Walleye Study on Great Sacandaga Lake
My name is Brian Henry and I am a Biology Teacher at Broadalbin-Perth High School. As some of you may know, I started a fishing club at the school a fews ago to provide kids with opportunities to fish and create a lifelong hobby. It has gone way better than I could have ever imagined. The level of participation we have seen, as well as, the gracious support from local fishermen and businesses have been amazing!
With that said, I have also been teaching a research class at the school. I have focused our research efforts on the natural resources and the educational opportunities that the Great Sacandaga Lake provides. Because of our proximity to it, the reservoir is an ideal place for Broadalbin-Perth to create a unique experience for our students. As part of my course, students have engaged in the numerous methodologies and protocols associated with research design, data collection, analysis, and report writing. I have had preliminary talks with members of the GSLFF, GSLAC and the NYSDEC. They are all in favor of establishing scientific studies on the lake to help understand various components of this fishery.
Over the past year, my students have concentrated their efforts on the walleye in the lake. Some of you are aware that there is an extremely large population of undersized walleye in GSL (smaller than 15 inches in length). Through my personal fishing experiences and talking with many fishermen over the years, "short" walleye seem to be more of the norm than the exception. I have tasked my students to find possible reasons why the walleye are not growing fast and why many fishermen are not necessarily catching legal walleye. They came up with plenty of hypotheses including overfishing, environmental factors, a deficient trophic state, limited biomass, and sparse forage resources just to name a few.
The question my students are currently investigating is, “Are the forage resources available to walleye in the Great Sacandaga Lake limiting their growth?”
The amount of data we collected so far is not substantial, but it is a start. We realize we are only in the preliminary stages of the investigation. The kids are looking to make a connection between the GSL walleye size and the potential impact food resources can have on it. We will be comparing the walleye growth data from GSL to growth & forage availability from other lake studies. We do realize that there are many variables that can impact the growth rates of the walleye, but the type and amount of food they are eating are a few of those variables.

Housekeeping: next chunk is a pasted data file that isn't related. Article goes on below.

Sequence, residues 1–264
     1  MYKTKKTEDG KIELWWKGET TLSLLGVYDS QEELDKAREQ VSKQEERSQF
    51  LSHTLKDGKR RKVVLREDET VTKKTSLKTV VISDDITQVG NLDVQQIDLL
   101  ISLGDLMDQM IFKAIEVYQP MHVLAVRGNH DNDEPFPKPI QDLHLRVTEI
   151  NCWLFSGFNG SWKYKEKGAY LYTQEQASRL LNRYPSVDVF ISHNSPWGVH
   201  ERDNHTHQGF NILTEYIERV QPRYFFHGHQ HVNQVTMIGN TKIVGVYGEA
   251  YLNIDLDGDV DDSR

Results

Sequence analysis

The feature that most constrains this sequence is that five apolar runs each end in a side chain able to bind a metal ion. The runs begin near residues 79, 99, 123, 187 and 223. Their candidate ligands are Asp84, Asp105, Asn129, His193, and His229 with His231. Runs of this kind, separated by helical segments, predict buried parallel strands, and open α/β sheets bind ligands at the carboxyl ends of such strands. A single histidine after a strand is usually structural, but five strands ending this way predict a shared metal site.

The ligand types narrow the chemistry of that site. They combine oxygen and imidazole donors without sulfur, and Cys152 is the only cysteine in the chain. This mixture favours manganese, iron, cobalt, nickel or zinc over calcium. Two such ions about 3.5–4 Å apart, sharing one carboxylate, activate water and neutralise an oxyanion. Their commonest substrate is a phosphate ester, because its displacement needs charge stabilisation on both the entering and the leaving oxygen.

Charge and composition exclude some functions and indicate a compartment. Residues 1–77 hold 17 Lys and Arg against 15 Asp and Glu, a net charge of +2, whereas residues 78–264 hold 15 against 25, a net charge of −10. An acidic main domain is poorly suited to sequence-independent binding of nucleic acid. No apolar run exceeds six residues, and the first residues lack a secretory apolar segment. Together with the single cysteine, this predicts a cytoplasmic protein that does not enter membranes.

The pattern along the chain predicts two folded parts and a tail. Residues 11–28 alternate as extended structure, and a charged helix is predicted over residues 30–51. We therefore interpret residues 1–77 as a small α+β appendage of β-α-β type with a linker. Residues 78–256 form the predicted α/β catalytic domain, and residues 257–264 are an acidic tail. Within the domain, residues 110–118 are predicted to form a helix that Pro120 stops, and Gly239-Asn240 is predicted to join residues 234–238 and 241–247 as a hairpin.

This is where we need your help:
If you are a fisherman on the Great Sacandaga Lake and want to help collect data for us, here is what we are looking for…
1. If you keep any legal walleye (15+ inches) we would like you to remove both gill plates and the stomach.
2. You can put them in a zip lock bag and freeze them.
3. If the fish regurgitates any food you can collect and bag that too.
4. On the bag, please record the date of capture, the length of the fish, and the general area on the lake where it was caught (maybe a landmark to help with the location)
5. You can drop off the bags at: Broadalbin-Perth High School in C/O: Brian Henry 100 Bridge Street Broadalbin, NY 12025
6. I can also supply zip lock bags for you if you would like to stop by the school and pick them up.
The gill plates will help us determine the age of the fish and the stomach will allow us to analyze what the fish have been consuming. This link shows how to successfully remove the gill plate (opercular bone) from a walleye: https://youtu.be/Owni2bHUqDE
Feel free to contact me if you have any questions regarding our study. I think this is a tremendous opportunity not only for my students, but for understanding the complexities of the food web in the lake. You can reach me at firstname.lastname@example.org or (518) 954-2600
Thank you in advance for your time and efforts with this. Your help will become an integral part of our research and we look forward to sharing the data with you.
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